Thursday, May 6, 2010

Can Milton Bradley change?

I'm not into calling guys "good" or "bad". I leave that to preachers and politicians. What Milton Bradley does show is a narcissistic streak -- and what I mean by that is that in his eyes, he is at the center of the world. Umpires are out to get him. The media are out to get him. Everything is personal. Everything, in other words, is about him -- except when it comes to personal responsibility. He is unable to accept personal responsibility because it would mean that mistakes are somehow his fault. Given his inflated views of himself and his importance ("I'm the Kanye West of baseball"), taking the blame is not an option. It's the fans' fault. It's racism. It's pressure. It's unfair expectations.

The "positive" things you hear about Bradley also stem from this narcissm. You always hear how "he just wants to win". And he probably does. Narcissists are often ultra-competitive. And he lets everyone know just how hard he's trying and how badly he wants to win. He needs people to know. And because it seems like he's only being competitive, he can appear to be one of the guys when things are going well -- but when the team doesn't win, it cannot be his fault. So who's fault is it when the team loses? Everybody else's. He feels like he's trying but nobody else is -- or at least, nobody is trying as hard as he is. Eventually that kind of thing is going to alienate his teammates. If you follow Seattle, pay attention to Bradley's hyper-senstiveness to criticism, whether it's real or perceived (i.e. his reaction at getting taken out of the ballgame after striking out). Note his sense of entitlement. The Seattle organization has gone out of it's way to protect him. Yet he doesn't believe this is extraordinary. He believes (for now, anyway) that Seattle is the only team that has treated him "right". As if he somehow deserves this special attention. He's a handful, and in my opinion those kind of personalities are a drain on any organization they are a part of -- including, of course, a baseball team. This is true even when they are producing. And when they aren't producing, as the Cubs and other teams have had the misfortune to witness firsthand, they become a destructive force for the entire team.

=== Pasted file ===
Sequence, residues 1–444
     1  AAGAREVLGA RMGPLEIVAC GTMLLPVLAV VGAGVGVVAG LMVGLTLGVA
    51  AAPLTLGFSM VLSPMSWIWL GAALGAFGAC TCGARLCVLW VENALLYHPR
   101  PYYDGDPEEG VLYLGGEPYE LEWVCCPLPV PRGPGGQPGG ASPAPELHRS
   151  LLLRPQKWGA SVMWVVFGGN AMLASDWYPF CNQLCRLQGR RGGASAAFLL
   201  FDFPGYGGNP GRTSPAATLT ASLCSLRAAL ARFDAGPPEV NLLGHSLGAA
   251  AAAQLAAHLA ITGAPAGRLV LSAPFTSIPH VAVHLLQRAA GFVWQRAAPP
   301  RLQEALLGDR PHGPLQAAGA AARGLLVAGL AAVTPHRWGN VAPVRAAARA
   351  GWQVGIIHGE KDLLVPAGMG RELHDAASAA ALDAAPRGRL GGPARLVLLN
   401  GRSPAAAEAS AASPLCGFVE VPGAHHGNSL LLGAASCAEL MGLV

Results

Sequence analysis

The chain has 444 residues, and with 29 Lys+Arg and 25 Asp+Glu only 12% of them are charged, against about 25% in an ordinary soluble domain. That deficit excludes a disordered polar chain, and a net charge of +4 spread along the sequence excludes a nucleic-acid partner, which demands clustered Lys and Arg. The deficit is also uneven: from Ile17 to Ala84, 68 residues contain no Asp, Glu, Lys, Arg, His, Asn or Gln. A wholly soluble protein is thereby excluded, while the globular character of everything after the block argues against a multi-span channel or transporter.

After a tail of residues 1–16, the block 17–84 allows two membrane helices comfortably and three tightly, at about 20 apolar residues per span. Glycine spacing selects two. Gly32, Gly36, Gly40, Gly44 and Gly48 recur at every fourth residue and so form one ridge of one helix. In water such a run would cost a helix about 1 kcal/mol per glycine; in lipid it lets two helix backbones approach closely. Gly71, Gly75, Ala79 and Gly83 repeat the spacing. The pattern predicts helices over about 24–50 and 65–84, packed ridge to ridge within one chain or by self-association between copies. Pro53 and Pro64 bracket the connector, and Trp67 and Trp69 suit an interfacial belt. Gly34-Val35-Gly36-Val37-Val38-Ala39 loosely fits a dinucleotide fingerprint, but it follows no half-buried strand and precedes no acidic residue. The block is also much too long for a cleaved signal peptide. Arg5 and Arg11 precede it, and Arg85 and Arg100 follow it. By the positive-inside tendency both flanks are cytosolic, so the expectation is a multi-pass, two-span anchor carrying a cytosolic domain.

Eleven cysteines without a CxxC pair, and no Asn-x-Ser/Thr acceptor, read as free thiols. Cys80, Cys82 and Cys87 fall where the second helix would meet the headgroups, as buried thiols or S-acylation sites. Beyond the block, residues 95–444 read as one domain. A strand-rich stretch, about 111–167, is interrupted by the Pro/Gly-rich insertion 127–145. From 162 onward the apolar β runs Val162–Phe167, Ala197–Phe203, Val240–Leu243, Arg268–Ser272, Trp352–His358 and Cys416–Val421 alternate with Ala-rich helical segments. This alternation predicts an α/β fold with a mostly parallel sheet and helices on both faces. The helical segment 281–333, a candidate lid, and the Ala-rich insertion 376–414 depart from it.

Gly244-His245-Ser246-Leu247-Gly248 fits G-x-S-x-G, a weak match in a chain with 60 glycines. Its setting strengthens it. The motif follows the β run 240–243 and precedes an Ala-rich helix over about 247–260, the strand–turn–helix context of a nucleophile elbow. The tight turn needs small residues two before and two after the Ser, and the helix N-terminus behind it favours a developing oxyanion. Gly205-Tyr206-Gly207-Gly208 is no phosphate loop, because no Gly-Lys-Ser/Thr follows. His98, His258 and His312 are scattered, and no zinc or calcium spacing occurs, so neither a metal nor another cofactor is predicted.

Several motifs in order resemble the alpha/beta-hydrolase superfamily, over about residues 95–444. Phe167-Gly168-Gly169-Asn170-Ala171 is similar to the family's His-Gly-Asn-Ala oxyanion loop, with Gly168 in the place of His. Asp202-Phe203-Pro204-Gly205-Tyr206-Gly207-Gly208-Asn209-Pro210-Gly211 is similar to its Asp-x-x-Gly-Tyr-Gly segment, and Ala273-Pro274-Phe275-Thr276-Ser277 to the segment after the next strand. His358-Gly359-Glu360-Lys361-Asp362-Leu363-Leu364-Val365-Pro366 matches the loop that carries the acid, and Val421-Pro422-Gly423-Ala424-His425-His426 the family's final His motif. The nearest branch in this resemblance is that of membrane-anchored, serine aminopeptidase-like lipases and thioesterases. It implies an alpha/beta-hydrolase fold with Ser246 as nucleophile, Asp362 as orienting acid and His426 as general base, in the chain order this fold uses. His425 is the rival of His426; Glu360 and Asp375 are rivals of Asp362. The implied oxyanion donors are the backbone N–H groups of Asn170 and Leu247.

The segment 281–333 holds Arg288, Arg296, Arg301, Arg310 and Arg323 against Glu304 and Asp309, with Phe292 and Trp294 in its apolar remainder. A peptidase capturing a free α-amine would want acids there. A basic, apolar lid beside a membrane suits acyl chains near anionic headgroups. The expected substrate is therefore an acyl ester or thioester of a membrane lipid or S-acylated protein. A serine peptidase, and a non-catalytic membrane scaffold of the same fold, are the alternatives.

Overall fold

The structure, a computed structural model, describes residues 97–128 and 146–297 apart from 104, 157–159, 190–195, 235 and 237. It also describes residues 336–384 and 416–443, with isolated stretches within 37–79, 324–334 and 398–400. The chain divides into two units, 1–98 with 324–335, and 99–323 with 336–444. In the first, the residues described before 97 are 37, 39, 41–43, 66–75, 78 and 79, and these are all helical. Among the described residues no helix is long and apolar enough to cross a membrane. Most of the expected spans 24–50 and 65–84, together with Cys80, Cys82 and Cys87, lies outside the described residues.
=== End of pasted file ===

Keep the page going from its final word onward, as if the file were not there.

Now Milton Bradley has finally asked for help. The temptation is to see hope that he has taken that first step but, given his narcissm, you have to be skeptical. Is he only doing this for his self-survival? He's an intelligent guy. Surely he realizes this may be his last chance. Is he sincerely asking for help or is he buying time? Is he just trying to give the impression that he is trying to change? My guess is that Bradley is only interested in seeking help because he wants to keep playing baseball. Sadly, it's not help he's seeking but, once again, he seeks the image of a guy who's "trying"; he seeks to let everyone know that once again he's "doing his best" -- and that, in my opinon, will be enough for him. Narcissm cannot be cured. At best, it can be managed. But given Bradley's history I have doubts as to whether he'll be able to manage himself effectively. And if he should fail once again, don't expect him to take the blame.

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